It really comes down to this: if those countries don’t think there is a viable military threat, when why should we spend billions defending them? And if they do think there’s a threat, why is it our responsibility to protect them? Let them protect themselves.

    Stepping back from Europe and Asia would require countries like Germany and Japan to increase their military spending, something that makes a lot of people get worried. How long should their WWII history be held against them?

    1. Larry J

      I agree. It is long past time to decide on what the objectives of national security should be in the 21st Century and then restructure the military to meet them.

      I also agree its far past time to be protecting countries like Japan and Germany, not to mention South Korea and Taiwan that could afford to defend themselves.

      1. Yeah, that’s all nice in theory. But, the reality is that, before the Pax Americana, the world experienced periodic and increasingly devastating upheavals, and it is quite possible, even likely, it would again.

        Nature abhors a vacuum. Something would rush in to fill the gap when we exit. Can we afford to be complacent that, that something will be benign?

        1. Bart,

          But it wouldn’t be a vacuum. Its more like reducing the pressure from 25 atmospheres to 3-4 atmospheres with the U.S. still having the largest navy and most advanced army and air force.

  4. But the other problem is that we can’t always predict what we’ll need, and in that sense, defense spending is like advertising — only half of it is effective, but no one knows which half.

    As Niels Bohr and Yogi Bera both stated, “Predictions are difficult, especially about the future.”

    One of the persistent problems with military procurement is “preparing to fight the last war.” People think the next war (and there’s always a next war) will be like the last one but that’s seldom the case. I remember reading some pundits back in 1990 after light infantry managed to topple Panama that heavy armor units were obsolete and should be disbanded. A few months later, Saddam invaded Kuwait and heavy armor units proved quite handy. It’s a good thing no one took those pundits seriously. If we think the next war will only be an asymetric conflict against insurgents with little to no anti-aircraft capability, then we can build a military to meet that threat. However, should the next enemy refuse to cooperate with those limitations, our options will be quite limited.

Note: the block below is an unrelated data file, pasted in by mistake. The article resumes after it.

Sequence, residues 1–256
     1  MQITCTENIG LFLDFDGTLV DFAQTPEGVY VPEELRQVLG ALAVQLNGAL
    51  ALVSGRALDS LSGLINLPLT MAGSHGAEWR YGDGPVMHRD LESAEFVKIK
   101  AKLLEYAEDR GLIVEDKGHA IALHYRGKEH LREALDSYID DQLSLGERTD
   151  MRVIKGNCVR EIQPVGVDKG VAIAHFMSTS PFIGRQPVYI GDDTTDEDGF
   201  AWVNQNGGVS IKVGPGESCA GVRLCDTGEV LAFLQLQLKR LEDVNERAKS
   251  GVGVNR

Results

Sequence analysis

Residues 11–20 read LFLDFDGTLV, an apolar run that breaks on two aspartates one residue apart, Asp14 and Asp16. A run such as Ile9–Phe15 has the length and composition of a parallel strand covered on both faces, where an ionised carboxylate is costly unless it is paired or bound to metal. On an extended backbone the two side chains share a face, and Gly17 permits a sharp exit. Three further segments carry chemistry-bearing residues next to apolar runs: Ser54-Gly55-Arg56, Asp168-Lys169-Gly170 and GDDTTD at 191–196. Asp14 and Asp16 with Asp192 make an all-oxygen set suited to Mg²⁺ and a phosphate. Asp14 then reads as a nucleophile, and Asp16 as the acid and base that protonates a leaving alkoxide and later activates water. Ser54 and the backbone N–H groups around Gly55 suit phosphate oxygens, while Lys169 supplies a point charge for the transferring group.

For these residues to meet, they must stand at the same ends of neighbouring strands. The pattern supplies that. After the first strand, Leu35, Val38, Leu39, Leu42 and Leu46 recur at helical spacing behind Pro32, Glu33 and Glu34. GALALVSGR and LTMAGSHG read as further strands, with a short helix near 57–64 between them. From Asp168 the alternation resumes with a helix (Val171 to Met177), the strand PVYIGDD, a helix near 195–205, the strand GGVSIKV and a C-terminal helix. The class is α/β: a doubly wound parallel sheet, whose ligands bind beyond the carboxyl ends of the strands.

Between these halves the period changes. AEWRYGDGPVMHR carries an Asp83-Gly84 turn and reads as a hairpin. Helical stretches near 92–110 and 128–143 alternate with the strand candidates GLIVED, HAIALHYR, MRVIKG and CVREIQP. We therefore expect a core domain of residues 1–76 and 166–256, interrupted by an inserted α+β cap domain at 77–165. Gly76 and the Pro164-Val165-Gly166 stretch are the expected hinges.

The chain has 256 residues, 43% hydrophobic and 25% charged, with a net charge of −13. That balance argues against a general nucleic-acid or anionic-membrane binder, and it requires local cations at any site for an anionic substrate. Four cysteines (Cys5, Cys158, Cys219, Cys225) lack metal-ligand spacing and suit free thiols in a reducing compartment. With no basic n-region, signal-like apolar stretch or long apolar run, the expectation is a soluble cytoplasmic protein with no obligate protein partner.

1. Exactly. I often see the idiotic notion coming from anti-military leftists and supposedly right wing pro-military folks as well that since we never use F-22’s in Iraq/Afghanistan then we obviously do not need F-22’s, ever.

  5. Withdrawing from Afghanistan would probably help. The place is a logistical nightmare. What will happen next depends on what the US citizens and government want to do.

    Prior to WWII the US usually did not keep a large standing army around in peace time. This was sometimes perceived as problematic once you needed to put the country on a war footing. However the US is a continent away from any potential adversaries so there was always the time to ramp up the industry to produce new weapons when the situation arose. When there was an industry. Given enough industrial power, man power, and time winning a war is almost assured.